Pose Name: Head-to-Knee Pose (also known as Pyramid Pose or Intense Side Stretch Pose)
Sanskrit Name: Parshvottanasana
- Begin in a wide-legged stance. Turn your right toes forward to face the top of your mat; place your left foot at a 45 to 60 degree angle, and turn your hips to face front. (This is the same basic stance as Warrior I Pose.)
- Reach your arms up overhead and stretch. Fold forward, bringing your fingertips to rest on the floor on either side of your front leg. (Less flexible students can place their hands on a pair of blocks if they can’t quite touch the floor; more advanced students can bring their hands into reverse prayer behind their backs before bending forward, or can simply cross the arms behind the back and grasp opposite elbows if reverse prayer is too much.)
- Keep the back leg straight and firm. Work on straightening the front leg. If you can’t quite get the front leg straight, it’s okay to bend it slightly.
- At first, keep the torso parallel to the floor. Then, if you have the flexibility, you can bend further while keeping the hips aligned and the spine straight.
- Although this is called “Head to Knee” pose, don’t focus on trying to bring your head to your knee. Instead, work on bringing your chin toward your shin – this will help to keep you aligned properly.
- Check in with your torso alignment: the midline of the torso should be above the line of the inner thigh. More flexible students can rotate to bring the midline of the torso over the midline of the thigh.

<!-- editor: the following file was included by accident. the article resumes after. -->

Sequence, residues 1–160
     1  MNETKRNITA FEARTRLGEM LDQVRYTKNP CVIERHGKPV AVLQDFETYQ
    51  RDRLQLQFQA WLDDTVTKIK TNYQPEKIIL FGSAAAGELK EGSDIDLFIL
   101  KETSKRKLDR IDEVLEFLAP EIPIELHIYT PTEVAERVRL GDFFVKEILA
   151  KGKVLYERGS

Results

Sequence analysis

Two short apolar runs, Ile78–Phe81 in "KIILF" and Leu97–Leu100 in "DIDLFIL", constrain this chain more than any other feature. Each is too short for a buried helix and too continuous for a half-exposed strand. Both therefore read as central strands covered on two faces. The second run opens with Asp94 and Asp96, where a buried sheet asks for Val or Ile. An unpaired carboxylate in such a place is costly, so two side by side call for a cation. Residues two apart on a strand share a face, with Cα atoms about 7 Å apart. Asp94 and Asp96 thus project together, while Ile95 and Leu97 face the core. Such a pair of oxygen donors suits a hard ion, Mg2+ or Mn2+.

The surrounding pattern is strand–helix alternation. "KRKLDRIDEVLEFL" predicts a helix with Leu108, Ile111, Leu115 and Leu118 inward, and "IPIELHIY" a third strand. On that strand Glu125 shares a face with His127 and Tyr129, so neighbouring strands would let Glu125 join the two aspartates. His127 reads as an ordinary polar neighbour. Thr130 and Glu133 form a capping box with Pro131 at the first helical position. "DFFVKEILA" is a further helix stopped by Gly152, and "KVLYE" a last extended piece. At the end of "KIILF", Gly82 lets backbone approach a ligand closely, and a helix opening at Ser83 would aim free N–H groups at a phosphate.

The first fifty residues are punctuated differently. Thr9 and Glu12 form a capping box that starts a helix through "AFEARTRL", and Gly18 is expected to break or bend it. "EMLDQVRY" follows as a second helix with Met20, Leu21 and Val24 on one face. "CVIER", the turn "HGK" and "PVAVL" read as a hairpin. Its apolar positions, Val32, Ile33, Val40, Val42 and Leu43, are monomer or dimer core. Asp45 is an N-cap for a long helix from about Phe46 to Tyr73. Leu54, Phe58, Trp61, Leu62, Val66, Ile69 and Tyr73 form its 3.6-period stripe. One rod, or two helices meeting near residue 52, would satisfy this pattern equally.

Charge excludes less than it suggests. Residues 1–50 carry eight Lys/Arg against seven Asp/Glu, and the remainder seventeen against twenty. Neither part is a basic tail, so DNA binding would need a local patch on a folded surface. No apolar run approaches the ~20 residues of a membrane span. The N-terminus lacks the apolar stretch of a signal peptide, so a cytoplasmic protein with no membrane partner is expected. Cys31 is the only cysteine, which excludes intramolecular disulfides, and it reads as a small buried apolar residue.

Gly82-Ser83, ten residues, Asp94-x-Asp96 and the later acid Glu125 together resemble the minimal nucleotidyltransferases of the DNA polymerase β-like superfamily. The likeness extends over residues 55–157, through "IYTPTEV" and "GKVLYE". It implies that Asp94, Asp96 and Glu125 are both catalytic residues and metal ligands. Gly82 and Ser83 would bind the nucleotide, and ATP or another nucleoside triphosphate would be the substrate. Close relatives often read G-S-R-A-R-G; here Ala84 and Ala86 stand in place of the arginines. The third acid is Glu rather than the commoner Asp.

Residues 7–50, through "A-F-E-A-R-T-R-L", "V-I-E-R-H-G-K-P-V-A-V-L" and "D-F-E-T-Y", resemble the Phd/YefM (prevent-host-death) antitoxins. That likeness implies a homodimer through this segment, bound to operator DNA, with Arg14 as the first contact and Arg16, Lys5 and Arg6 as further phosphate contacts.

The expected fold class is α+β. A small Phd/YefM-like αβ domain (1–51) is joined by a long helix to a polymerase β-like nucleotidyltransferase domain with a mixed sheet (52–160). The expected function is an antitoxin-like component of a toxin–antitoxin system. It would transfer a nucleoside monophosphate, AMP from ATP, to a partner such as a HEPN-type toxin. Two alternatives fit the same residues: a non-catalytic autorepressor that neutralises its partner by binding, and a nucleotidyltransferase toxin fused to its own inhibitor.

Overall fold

- Keep breathing. Work on lengthening the spine as you inhale and folding deeper on your exhales.
- Press strongly through the back leg to return to standing. Rise up slowly to avoid getting dizzy. Repeat the pose on the other side.
Head-to-knee pose really stretches out the front leg, which is great when the backs of the knees or calves are tight. The pose also stretches the spine, improves posture and balance, and stimulates the abdominal organs.
Those with knee injuries may want to avoid this pose. Those with a back injury or high blood pressure can try a modified form of the pose: practice facing a wall, and instead of bending all the way forward, bend just enough so that the torso is parallel to the floor and then press your palms into the wall for support.
My Experience with Head-to-Knee Pose:
I never practiced this pose before coming to my current yoga studio, and I’ve struggled for a long time to figure out exactly what should be going on in this pose – which way are the hips facing? Should I feel so uncomfortable in this pose; am I doing it right? It seems like such a simple pose, but I continue to struggle with it. After working on asanas during October’s teacher training weekend, I understood this pose better, but I still feel some confusion when I try to teach it, so I wanted to spend a little more time learning about this pose.
i love how random yoga pose names seem to be. because to me head-to-knee is janu shirshasana (http://www.yogajournal.com/poses/476) and this pose is parsvottanasana or pyramid pose – my ashtanga nerd is showing! 😉
i always have a wtf moment when i take a forrest class and boat pose is locust pose…
ok, going to stop before i confuse everyone!
My teachers will go back and forth calling this either head-to-knee or pyramid. I’ve never heard janu shirsasana called head-to-knee!
Boat pose is navasana! It can’t be called locust pose, that’s so weird!
it’s even weirder, forrest calls shalabhasana a/locust (http://www.yogajournal.com/poses/789) boat. i don’t think forrest really does navasana… can’t recall ever having done that pose in a forrest class, which is also super weird.
clearly this linguistic confusion is the work of the devil.
That’s one weird-looking boat. Navasana is much more boatlike.
[…] pyramid (head-to-knee) pose (promotes balance, opens hamstrings) […]
[…] pyramid/head-to-knee pose […]
[…] pyramid pose […]